Back at the road I now knew so well again the visit was resumed. Wandering through the maze of modern corridors with slick frosted glass offices and achievements and signatures on every shelf or wall and the largest silverware cabinet I’d seen in a while, we stumbled upon a chance meeting where my hosts got plucked from the audience and asked to model the new alternative colours for the TDF Saxo team kit. I was privy to this by proxy but was still politely asked my opinion (not asked to model though I notice). Realising the importance of the answers I was giving, I upped it a bit. I suppose time would tell if I had any impact, in July.
Exploring the material stores was like being in a warren of seemingly endless turns and dead ends. Shelves of labels, hems, zippers and grippers on rolls line every surface. Sportful this, Castelli that. There were logos everywhere. I suppose there would be in a material store for a clothing brand and I suppose it was those race origins of Castelli that dictated that there were more ex race banners with round scorpion logos on the edges of shelves than S’s. Spools of reflective logos caught the light as I flickered past and then a few old boxes of iron-on transfers caught my eye. Years of pro team’s jersey insignia lay elastic banded together in piles. I flicked through decades of nostalgia. Saxo bank, Tinkoff, Mapei, the Italian national football badge, it was all here in a dusty box awaiting a time machine and a chap with an iron.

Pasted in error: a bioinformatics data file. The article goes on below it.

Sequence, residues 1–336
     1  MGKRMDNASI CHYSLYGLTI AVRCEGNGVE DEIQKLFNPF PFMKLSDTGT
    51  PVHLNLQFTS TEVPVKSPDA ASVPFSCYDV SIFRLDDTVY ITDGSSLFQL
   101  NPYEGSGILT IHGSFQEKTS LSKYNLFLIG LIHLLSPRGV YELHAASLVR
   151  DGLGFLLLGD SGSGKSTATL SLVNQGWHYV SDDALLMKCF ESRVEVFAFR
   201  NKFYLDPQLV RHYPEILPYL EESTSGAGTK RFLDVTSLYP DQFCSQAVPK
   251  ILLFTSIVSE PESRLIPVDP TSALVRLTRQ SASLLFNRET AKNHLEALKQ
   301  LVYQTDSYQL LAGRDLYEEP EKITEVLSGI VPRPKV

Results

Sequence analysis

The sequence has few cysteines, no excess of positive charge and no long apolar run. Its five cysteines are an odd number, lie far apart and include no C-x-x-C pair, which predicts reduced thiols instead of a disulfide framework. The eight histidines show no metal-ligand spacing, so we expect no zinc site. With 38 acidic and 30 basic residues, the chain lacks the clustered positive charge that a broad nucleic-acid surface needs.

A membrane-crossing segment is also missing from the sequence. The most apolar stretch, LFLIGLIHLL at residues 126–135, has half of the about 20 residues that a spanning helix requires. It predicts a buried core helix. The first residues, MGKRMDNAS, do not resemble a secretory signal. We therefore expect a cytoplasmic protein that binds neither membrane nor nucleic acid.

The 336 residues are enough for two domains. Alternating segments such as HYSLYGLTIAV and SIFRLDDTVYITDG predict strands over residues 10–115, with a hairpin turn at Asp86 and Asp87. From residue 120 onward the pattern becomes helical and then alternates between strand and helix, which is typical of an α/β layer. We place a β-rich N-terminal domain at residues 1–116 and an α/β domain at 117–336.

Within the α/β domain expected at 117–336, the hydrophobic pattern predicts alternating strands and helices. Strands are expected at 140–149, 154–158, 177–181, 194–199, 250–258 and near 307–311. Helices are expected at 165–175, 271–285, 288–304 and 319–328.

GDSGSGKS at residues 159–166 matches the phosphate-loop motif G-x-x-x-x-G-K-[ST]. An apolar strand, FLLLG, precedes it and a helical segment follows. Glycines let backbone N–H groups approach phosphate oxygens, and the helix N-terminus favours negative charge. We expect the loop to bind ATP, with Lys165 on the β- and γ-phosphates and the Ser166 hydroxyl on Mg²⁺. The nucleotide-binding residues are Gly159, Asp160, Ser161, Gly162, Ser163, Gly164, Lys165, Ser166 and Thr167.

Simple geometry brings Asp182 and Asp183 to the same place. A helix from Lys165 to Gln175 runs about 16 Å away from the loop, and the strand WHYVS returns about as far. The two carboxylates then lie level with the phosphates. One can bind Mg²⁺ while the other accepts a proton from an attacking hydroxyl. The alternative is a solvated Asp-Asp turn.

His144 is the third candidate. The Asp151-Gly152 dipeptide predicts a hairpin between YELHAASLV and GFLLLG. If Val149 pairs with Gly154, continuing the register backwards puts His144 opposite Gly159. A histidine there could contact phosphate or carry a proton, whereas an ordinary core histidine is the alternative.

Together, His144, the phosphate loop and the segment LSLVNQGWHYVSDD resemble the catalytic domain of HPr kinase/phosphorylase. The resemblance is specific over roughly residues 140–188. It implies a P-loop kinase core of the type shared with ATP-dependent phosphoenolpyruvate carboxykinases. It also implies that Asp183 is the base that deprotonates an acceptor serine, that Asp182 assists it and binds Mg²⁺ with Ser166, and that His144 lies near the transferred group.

That smell re-appeared briefly and I was transported back to my childhood. Brain still sifting through memories looking for the right one, like the WOPR in Wargames, relentlessly searching for the launch codes, occasionally getting a partial hit – then it struck me – clear as day. 1984, the week of the European Cup Final. Liverpool vs Roma. An eleven year old me standing in a queue in a sports shop in Turin awaiting the turn of the heat press machinist. I wanted a no 7 on my red shirt. Kenny Dalglish – my hero. My turn came and I was engulfed in a sweet, warm slightly burned smell as my wish was granted. Now I was no 7. The feeling that Italy is in my soul started there.